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The Rubberbandits and Why They’re a Limerick Staple

Oisin McHugh

Pictured are The Rubberbandits at the Lime Tree Theatre on May 23, 2015.

The Rubberbandits and Why They’re a Limerick Staple

By I Love Limerick Correspondent Sophia DiBattista


The Rubberbandits continue their reign as one of Limerick’s staples. Every day the city crowds with busking musicians, singers, and group performers, making the city even more lively. The Rubberbandits, instead of performing on the streets now, have reached a legendary status here.


This iconic duo performs satirical hip hop and rap tunes for more mature audiences, needless to say. Nonetheless, even children may be spotted singing along to their classic song “Horse Outside” or possibly “Paddy Power,” their renowned Christmas song.


Blindboy Boatclub and Mr. Chrome created this act during the year 2000. Going on their 20-year anniversary, fans all around Ireland are buzzing to listen to more music or relive The Rubberbandits’ glory days.


Daniel Beck, Clare, praises the outrageousness of The Rubberbandits’ appearance and their political satire. He said, “The Rubberbandits show the true state of affairs this country is in, especially when a man wearing a Chicken Hut bag on his head is making more sense than politicians.”


The Rubberbandits poke fun at Irish politics, but they focus on matters related to the younger generation like alcoholism, drug abuse and violence against one another. They use surrealist lyrics and parody to combine social concerns with humor.


They delve into other humourous activities as well, such as live prank calling on the radio. Most of these videos and phone calls are found on The Rubberbandits’ main YouTube channel. Despite their antics, they must be doing something right if they have been around for 20 years.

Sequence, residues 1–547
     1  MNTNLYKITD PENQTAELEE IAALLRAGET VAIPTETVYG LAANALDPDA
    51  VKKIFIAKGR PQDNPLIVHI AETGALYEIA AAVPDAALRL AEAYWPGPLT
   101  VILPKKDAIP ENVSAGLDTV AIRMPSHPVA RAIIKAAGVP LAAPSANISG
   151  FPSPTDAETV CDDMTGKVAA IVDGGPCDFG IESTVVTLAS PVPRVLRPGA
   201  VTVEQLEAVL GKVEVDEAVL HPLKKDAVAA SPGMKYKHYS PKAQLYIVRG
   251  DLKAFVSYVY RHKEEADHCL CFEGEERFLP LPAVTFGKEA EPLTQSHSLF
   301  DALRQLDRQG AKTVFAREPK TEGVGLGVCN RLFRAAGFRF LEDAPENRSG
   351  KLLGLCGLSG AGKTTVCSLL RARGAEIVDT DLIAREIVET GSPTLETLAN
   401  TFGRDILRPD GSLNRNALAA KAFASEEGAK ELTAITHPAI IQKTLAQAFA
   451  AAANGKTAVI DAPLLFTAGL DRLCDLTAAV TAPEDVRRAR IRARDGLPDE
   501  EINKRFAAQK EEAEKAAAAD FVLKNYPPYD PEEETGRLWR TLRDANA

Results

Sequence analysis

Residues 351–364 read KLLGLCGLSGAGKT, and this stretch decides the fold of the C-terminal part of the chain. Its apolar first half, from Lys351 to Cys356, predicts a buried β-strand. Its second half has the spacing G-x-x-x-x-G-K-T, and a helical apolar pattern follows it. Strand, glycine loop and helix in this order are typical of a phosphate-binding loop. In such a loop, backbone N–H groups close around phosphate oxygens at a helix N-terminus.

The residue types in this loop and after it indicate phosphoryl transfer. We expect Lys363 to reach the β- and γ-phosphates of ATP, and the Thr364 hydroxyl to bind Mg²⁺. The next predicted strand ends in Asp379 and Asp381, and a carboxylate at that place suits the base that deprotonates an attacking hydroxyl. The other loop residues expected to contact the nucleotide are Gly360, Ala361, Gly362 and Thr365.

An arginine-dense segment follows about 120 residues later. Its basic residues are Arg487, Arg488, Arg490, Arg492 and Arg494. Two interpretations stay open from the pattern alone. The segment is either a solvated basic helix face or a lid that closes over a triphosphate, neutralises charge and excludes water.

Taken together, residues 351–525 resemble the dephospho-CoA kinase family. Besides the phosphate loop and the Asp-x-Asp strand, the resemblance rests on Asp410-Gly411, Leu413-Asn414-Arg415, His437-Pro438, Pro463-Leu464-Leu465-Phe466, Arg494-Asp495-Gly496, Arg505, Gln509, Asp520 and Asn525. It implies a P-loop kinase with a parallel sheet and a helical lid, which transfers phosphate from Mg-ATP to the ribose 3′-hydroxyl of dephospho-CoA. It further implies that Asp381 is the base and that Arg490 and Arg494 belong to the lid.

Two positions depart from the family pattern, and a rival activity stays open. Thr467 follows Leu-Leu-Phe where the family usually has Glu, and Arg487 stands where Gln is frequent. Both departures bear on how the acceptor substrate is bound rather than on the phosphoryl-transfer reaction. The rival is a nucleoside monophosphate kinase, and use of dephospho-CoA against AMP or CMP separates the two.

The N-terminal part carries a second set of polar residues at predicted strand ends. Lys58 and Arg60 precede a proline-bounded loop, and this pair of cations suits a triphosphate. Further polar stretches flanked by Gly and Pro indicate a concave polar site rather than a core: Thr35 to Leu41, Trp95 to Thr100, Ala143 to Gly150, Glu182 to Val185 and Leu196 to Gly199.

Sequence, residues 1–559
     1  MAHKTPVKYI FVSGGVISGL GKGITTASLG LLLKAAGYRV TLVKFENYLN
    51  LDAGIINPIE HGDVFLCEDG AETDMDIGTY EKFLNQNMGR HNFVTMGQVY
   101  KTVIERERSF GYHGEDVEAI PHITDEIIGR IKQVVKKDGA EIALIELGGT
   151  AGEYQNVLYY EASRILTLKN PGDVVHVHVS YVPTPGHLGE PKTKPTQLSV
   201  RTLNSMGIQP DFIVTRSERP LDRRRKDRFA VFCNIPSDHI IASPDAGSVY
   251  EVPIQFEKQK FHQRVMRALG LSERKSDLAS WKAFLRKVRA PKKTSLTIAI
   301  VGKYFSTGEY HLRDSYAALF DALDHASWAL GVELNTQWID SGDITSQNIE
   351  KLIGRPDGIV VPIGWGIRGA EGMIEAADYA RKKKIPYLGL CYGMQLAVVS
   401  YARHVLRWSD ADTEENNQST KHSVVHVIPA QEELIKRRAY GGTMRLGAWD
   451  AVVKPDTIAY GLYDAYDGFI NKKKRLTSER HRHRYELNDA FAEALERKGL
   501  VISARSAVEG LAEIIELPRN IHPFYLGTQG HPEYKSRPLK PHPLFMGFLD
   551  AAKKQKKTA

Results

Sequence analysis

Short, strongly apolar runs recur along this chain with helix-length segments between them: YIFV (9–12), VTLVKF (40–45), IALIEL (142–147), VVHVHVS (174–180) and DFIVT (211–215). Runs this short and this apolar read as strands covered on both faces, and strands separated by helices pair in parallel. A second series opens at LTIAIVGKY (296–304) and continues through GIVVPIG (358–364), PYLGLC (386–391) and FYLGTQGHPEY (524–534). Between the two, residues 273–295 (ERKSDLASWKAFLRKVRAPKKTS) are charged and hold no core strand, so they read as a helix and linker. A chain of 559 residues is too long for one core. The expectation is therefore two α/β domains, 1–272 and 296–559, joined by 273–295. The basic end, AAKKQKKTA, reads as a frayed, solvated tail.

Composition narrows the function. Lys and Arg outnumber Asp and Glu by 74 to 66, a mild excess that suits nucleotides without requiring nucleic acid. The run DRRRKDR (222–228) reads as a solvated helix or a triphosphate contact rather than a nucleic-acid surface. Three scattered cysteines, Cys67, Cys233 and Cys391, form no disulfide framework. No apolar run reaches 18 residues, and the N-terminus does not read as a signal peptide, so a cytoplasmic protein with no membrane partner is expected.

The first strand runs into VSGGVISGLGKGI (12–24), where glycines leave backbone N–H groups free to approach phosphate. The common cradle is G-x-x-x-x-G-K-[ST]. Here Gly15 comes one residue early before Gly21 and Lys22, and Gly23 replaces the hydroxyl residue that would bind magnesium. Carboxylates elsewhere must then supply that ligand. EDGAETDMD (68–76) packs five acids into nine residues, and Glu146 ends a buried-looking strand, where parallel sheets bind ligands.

Aside from being satirical rappers, they promote stable mental wellbeing. Blindboy as he’s known as, has drawn attention to mental health and problems with the Irish healthcare system through his podcast, The Blindboy Podcast.


Their dedication to their home city, Limerick, has been a constant factor in all of their performances. The exaggerated accents, the plastic bag masks, and the goofy yet serious attitude prove how unforgettable The Rubberbandits are and how they truly are a staple in Limerick.


Limerick City native Hannah Purcell commented on how they make Limerick a better place. She said, “I find it great living in Limerick, especially with The Rubberbandits. They do a lot for the community and they actively voice their opinions, which is really important, particularly for those who feel unheard.”



For more information on The Rubberbandits, click here.

For more stories on Limerick City performers, click here.


Richard is a presenter, producer, songwriter and actor. He was named the Limerick Person of the Year (2011) and won an online award at the Metro Éireann Media and Multicultural Awards (2011) for promoting multi-culturalism online. Richard says that the concept is very much a community driven project that aims to document life in Limerick. So, that in 20 years time people can look back and remember the events that were making the headlines.